Mawaweel and Mangos
Exploring Darb 1718 for the first time in his life, Kurt Galalah gives us the run down on last weekend's epic two-day event ahead of this Friday's eclectic line up.
Last weekend, I attended the Mawaweel Festival and was fascinated with its diversity of acts. Entertainment wasn’t just hitting me from one direction but EVERY direction. I’d never been to Darb 1718 before, so I was like a lost puppy in the area. I kid you not, on my way there I asked people questions like “Howa feen Darb alf sob3omeya we tamantashar?” before I found it. When I finally reached Darb’s cute square with my English flatmate, I was captivated by the stage that was built under the Tumblr-y Darb skull. While my attention was focused to stage and the sound check, I heard commotion in the form of a drum circle and zamameer behind, that seemed to be getting closer and closer. But it was no drum circle or zamameer; it was a Tanoora guy, which my flatmate thought was some kind of LGBT dance because of all the rainbow colours. It was beautiful.
The Tanoora ended and almost simultaneously, and a short film was being projected just beside the stage set-up. Mad Solution’s screening of Potato Lady captivated us with a simple film with a clear message: most people are oblivious to reality, and barely recognise change even if it’s staring at them right in the face. At least that's what I gathered. Also, I’d love two of her batates sandwiches, law sama7t.
Next it was time for some music. Hawidro started up and the multi-disciplined musicians were talented, knew how to play their instruments, and the vocals were top notch. After discussions with my flatmate, I found out Hawidro is word with roots in Nubian dialect meaning return. It was chosen as a name to express the need to return to the roots in music, and they DID. The band featured Egyptian and Nubian musicians, performing original works, inspired by Nubian, Moroccan, Algerian, and West African music, made complete with fresh voice of Zizo (fun fact: he’s Mohamed Mounir's nephew).
Tunisian songstress, Ghalia Benali, rocked the stage next (so we meet again ya Ghalia!) and she took a full house audience back to the golden age of Arabic classical music as she performed songs by Egyptian diva Um Kulthoum. Mixed with a modern day vibe, that left us in awe. Her voice is a nuanced, passionate alto, capable of intricate inflections and earthy vigor. Her melodies reach back to the hearty simplicity of folk songs; she uses the modes of Arabic classical music, but at times her improvisations also hint at Reggae, Japanese and Tibetan music. I couldn’t be happier to see her again.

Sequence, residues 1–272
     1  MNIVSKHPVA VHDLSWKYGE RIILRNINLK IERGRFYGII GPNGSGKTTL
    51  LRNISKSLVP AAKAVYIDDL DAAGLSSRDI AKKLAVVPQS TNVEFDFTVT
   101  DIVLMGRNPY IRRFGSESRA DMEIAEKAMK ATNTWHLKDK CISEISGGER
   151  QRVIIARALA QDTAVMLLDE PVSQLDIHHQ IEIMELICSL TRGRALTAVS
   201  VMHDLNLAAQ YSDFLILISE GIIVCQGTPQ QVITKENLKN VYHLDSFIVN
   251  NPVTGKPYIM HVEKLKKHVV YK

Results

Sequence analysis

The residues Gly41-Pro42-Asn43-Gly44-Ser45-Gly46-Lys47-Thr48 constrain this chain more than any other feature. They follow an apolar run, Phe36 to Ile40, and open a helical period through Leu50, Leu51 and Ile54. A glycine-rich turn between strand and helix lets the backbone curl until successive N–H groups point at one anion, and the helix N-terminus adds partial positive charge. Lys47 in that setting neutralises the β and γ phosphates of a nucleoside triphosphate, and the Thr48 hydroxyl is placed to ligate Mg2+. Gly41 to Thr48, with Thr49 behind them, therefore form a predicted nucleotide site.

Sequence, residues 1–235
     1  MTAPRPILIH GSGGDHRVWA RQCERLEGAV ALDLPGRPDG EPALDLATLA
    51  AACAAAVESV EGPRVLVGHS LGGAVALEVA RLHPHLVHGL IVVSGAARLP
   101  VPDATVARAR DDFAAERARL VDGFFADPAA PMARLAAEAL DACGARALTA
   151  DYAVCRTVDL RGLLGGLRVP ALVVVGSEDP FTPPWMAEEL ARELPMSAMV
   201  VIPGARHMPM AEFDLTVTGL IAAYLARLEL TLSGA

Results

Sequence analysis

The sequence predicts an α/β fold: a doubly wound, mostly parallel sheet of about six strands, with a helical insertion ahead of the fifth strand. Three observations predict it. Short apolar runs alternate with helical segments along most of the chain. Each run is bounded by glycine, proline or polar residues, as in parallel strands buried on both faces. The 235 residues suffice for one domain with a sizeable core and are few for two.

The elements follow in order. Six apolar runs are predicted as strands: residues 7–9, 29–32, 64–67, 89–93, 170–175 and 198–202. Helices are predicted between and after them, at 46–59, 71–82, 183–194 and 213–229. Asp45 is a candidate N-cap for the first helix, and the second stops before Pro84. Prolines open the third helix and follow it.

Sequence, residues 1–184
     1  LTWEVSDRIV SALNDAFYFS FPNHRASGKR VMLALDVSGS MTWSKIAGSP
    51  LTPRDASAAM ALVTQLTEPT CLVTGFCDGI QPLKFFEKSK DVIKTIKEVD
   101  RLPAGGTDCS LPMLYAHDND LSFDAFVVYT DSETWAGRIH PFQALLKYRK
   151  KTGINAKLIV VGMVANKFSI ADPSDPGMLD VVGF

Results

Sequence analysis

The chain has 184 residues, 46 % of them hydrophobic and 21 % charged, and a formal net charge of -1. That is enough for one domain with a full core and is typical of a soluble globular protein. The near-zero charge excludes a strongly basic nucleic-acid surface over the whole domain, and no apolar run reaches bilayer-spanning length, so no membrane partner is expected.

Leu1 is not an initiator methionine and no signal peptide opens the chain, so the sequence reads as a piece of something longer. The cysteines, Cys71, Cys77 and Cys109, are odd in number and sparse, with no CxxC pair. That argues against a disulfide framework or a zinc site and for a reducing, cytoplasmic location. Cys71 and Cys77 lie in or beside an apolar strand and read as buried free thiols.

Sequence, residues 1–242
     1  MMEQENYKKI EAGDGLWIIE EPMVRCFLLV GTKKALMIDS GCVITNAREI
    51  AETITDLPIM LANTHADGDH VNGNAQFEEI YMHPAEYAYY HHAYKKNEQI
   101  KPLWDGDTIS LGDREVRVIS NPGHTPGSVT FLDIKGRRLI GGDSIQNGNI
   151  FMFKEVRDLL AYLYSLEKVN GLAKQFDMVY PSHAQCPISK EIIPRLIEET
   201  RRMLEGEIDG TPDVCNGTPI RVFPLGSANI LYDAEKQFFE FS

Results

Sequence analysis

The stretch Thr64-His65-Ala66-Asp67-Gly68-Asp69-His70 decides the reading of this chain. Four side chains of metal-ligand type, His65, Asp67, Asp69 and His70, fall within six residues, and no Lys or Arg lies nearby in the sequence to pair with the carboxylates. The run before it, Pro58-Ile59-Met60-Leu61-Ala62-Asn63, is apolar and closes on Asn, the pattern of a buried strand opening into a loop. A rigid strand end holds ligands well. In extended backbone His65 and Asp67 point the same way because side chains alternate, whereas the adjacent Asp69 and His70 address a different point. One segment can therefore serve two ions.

The second day of Mawaweel wasn’t as packed as the first and finished way earlier (I left at two in the morning on day one). The festival though, was still superb. Sheikh Ahmed El-Agamy wowed everyone with his enchanting Sufi voice. Tahteeb came next, and for those who are not familiar with the term, it’s those Upper Egyptian cane dance where people fight with sticks whilst still strutting their stuff. Think Star Wars meets Step Up.
Before the last act came on stage, I explored Darb some more and found a store that sells konafa bel manga which, believe it or not, I haven’t tried before, and what a better way for me and my flatmate to lose our konafa bel manga-ginity than at Darb. It was gamda akher talat 7agat.
After my konafa experience, it wasn’t just my mouth that experienced some goodiness, my ears did as well, Oriental goodiness, to be precise as Ashara Gharby took over the stage with their unique fusion of music that sounded Egyptian and Caribbean at the same time. It made people go crazy, there were mosh pits. Well, an Egyptian mosh pit at the very least.
This Friday they've got another great line up in store for a big finale. The night kicks off with a short film by local director Ali Mostafa, screened by Mad Solutions. Next, you'll get a chance to catch the stage adaptation of renowned Egyptian novel Taxi, performed by the Thousand Tongues, before another twirling Tanoora. Finally, two back-to-back sets by Meshwar Band and Soot Fel Zahma will have you clapping along all night.
As for me? You’ll find me at the konafa bel manga stall.
Find out more about Mawaweel on the official Facebook page here.